Last week saw Morgan Stanley finally complete their purchase of the AEW portfolio in Budapest; this week has seen the formal announcement of TPG’s purchase of Trigranit – while ostensively a company deal, it is still one that has obvious positive implications for the Hungarian property market. But is this another false dawn – or the start of the re-emergence of Hungary as an investment destination?
Whilst in 2014 we saw a clear re-emergence of investment activity, this was focussed on domestic funds such as Diófa and Erste Fund and the internationals tended to stay away. Ironically, whilst manufacturers and outsourcing companies have increasingly taken advantage of factors such as government incentives and the low cost, well educated workforce, this has not filtered through to the international investment market. Whilst Mercedes Benz, Audi, etc continue to flourish here, the German investment funds have been reluctant to move on the market.
Cushman & Wakefield, as Morgan Stanley’s advisor in the AEW deal, see the fundamentals as being the key. The low-rent hangover from the recession and subsequent lack of development supply set against increasing levels of demand – record levels in the office market – bode well for future rental growth prospects. Unlike Hungary’s traditional competition – Poland and the Czech Republic – vacancy levels are on the way down.
There has been lots of talk of the “wave of capital” coming east, but experience shows that investors need to see that they are not the only players in town. The positive news from the Morgan Stanley deal is a wake-up call to other funds as to what Hungary has to offer them.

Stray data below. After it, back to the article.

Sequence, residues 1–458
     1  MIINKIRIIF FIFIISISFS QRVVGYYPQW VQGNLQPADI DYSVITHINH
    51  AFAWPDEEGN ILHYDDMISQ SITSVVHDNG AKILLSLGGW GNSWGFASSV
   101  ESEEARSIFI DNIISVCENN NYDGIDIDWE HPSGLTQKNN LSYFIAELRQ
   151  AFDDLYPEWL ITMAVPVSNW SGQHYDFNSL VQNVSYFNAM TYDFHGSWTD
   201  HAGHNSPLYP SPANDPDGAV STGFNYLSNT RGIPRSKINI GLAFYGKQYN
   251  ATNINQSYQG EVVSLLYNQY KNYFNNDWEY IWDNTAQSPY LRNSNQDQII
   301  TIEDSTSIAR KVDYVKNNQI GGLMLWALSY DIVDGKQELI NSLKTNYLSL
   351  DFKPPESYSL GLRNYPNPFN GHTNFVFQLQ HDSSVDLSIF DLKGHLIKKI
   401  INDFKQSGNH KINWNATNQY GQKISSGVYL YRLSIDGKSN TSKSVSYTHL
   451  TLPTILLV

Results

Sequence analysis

Viktoria Szabo, Partner, Head of Retail at Cushman & Wakefield helped analyse MOM Park to identify repositioning and value add potential as part of the AEW deal. She is optimistic that the future is strong for the retail sector and points out that retail spend is increasing following 10 years of decline. The recession saw the “survival of the fittest” retail schemes, with the better schemes realigning themselves, consolidating performance, increasing footfall and taking market share away from failing schemes. There is now a clear definition in the market between schemes and the Budapest market no longer seems oversupplied in the sector. New or expanding retailers struggle to find decent space in the existing stock and Szabo sees this as an opportunity for schemes like MOM Park to continue to pull away from the field.
On the office side, David M Johnston Associate, Head of Office Agency at Cushman & Wakefield in Budapest points out that record take-up is driven by the larger international occupiers for out-sourced functions. Yet these occupiers are increasingly discerning in the stock they take – corporate responsibilities (such as green building designation) and the quality of accommodation (critical for staff retention) are increasingly important. Much of the stock built in the previous decade is already dated or in the wrong location, and with very little supply coming out of the ground in the past five years, true class A buildings are in very limited supply – and, indeed, vacancy rates are sub-10% for the best in class buildings. Against this background, net rents are already on the climb – a trend that is likely to continue.
Mike Edwards Partner, Head of Capital Markets, who led Cushman & Wakefield’s team in the acquisition, thinks that the Morgan Stanley / AEW deal will open minds to Hungary once again. Whilst the occupational fundamentals have been there for a while, investors have struggled to answer “but who will we exit to?” question. A year ago the “local buyer” answer was not compelling, the weight of a player such as Morgan Stanley will surely open eyes to what the market has to offer.